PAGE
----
Over 50s entrepreneurs are prospering in Sheffield by employing the skills and experience they accumulated during their years of work.
Lynda Jackson was looking forward to a less stressful life after 30 years with South Yorkshire Police.
She took retirement at 49 but after only a year, no longer relished her new lifestyle. “I realised I needed to be doing something - keeping my mind active,” says the Chapeltown mum of two.
A keen sewer, she went to work in a fabric shop in Attercliffe. The job gave her a new passion in life; quilting.
“People said I was so good at it I should set up in business,” says Lynda. “I decided to tap into the mass popularity of quilting by providing a service transforming people’s quilt-work into bed covers, table runners, cot bedding and children’s playmats.”
A PRIME training course last September gave her three interactive classroom days, plus coursework. She created a business plan and a projection of income and invested in a costly longarm quilting machine and frame. Capricorn Quilting (www.capricornquilting.co.uk) can take patchworks up to 12’ wide. Lynda, 54, is kept constantly busy at her studio in the SOAR Enterprise Centre.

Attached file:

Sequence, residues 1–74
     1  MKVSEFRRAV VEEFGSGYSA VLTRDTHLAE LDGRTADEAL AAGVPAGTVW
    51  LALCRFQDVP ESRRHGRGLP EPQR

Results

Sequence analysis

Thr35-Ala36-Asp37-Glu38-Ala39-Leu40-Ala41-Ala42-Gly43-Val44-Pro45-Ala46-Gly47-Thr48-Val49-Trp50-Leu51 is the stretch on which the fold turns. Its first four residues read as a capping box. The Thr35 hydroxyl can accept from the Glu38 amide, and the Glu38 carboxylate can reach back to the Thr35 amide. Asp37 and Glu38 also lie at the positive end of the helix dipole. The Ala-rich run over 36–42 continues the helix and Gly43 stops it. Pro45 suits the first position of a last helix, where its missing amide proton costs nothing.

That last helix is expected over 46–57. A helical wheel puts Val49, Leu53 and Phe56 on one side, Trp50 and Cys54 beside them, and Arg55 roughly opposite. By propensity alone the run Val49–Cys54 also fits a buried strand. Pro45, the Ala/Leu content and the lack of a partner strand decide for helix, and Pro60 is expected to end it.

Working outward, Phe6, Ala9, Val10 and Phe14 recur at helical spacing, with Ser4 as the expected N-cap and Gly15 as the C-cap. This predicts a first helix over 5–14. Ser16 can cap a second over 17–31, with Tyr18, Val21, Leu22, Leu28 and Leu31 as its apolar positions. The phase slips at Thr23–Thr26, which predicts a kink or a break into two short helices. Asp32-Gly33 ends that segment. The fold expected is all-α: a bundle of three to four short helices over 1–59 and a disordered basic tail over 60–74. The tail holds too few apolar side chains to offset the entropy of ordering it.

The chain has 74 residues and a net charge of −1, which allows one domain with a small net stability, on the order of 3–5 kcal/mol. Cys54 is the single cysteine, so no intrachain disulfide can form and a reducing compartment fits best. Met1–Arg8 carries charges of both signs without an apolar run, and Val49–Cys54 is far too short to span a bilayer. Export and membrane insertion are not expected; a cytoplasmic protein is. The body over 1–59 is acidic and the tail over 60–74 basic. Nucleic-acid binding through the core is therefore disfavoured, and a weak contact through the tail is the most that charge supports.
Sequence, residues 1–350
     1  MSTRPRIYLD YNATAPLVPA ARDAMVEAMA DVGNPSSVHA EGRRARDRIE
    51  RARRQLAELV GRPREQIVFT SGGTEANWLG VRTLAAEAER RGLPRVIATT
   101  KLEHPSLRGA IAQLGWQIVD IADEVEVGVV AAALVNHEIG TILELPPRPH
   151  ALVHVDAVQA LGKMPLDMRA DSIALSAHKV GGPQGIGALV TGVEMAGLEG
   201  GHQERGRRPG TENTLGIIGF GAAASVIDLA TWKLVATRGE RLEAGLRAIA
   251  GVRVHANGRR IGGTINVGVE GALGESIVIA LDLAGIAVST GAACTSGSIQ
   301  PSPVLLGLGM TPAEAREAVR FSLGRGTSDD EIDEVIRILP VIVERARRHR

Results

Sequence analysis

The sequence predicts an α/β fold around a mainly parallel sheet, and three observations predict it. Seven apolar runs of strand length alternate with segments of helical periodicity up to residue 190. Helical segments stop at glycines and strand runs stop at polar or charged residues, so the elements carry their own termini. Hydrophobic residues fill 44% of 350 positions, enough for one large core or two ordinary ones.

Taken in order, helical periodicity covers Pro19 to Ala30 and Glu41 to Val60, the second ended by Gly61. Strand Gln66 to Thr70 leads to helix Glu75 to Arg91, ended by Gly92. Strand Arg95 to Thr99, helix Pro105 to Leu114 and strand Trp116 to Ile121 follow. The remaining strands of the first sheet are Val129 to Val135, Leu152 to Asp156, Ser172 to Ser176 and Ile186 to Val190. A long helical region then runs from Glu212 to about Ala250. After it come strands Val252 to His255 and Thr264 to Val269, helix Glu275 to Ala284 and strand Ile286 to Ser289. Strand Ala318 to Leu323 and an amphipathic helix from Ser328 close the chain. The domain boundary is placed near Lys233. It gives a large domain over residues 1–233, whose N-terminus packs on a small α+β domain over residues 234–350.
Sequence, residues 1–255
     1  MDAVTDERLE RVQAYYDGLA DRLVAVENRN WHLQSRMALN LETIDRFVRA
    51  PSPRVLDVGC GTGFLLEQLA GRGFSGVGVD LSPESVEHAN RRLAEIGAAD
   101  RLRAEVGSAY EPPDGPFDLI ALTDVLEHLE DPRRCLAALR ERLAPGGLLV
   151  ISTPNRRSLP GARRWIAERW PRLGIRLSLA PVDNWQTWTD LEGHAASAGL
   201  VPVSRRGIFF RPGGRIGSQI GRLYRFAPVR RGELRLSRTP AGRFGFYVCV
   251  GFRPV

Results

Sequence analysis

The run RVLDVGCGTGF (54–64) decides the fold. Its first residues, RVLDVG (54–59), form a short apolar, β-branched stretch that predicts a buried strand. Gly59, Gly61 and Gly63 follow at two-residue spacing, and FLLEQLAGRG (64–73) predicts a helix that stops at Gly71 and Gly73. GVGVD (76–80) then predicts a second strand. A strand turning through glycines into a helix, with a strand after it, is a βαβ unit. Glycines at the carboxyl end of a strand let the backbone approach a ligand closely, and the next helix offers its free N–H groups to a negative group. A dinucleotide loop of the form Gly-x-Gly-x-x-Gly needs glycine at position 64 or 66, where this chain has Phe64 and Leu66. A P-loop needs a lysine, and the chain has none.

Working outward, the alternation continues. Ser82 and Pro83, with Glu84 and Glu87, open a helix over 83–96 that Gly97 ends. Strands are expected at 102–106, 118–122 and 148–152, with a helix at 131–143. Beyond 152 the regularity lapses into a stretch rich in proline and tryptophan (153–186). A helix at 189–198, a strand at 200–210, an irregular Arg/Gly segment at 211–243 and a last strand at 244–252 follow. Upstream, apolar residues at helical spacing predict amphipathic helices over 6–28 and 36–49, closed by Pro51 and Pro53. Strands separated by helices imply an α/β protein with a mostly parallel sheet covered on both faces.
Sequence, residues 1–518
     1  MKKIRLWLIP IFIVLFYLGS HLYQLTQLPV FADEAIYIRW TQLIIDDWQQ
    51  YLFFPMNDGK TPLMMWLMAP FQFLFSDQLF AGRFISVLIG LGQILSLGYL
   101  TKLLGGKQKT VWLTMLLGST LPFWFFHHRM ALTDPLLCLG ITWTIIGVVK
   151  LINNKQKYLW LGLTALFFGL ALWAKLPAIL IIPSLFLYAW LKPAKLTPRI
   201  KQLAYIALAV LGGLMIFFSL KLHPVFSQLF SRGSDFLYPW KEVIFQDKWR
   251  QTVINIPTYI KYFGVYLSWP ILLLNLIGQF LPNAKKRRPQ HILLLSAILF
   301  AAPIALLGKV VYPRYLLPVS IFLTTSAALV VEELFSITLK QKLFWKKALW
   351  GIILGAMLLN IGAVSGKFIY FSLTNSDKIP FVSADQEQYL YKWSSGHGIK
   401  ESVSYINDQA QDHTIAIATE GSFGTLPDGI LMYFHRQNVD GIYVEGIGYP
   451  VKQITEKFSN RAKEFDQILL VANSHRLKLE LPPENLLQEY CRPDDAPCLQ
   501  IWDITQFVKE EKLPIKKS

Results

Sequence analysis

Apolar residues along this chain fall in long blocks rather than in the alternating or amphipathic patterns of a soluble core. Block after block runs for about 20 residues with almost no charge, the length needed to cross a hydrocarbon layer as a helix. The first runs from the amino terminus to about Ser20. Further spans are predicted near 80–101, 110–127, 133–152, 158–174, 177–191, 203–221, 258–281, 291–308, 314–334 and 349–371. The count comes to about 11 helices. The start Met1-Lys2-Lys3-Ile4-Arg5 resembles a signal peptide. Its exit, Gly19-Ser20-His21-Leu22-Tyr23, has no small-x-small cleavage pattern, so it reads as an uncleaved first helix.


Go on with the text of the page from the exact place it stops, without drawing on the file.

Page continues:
She promotes her services via Facebook and a blog, runs quilting courses, has purchased specialist embroidery machines and has now found a manufacturer to make UK versions of the American rulers and templates quilters had to import from the States.
A fellow classmate on last autumn’s PRIME course was Hugh Long, a former engineer who is now a private maths tutor.
Hugh, 55, of Crosspool, worked for large corporates for 25 years before swapping professions to become a maths teacher in Sheffield secondary schools. He switched careers again, working at Rotherham Council in project management, but yearned to go back to teaching maths.
He launched the Sheffield Maths Tutor and went on the PRIME course to build up his business skills. “The advice I got was very good. It taught me not to be afraid to charge what I felt I was worth and how to develop a good marketing plan,” he says. “The course was relevant to my age group. I was with my peers, which felt comfortable. The tutor and some of the speakers were older than me and were successfully self-employed, which I found inspiring.
“Business is booming and I’m nearly at maximum capacity. But what I feel even more proud of is I’m helping people who have struggled with maths for years. It’s so rewarding.
“I guess I’m a necessity entrepreneur because I needed to do something that made me feel useful.”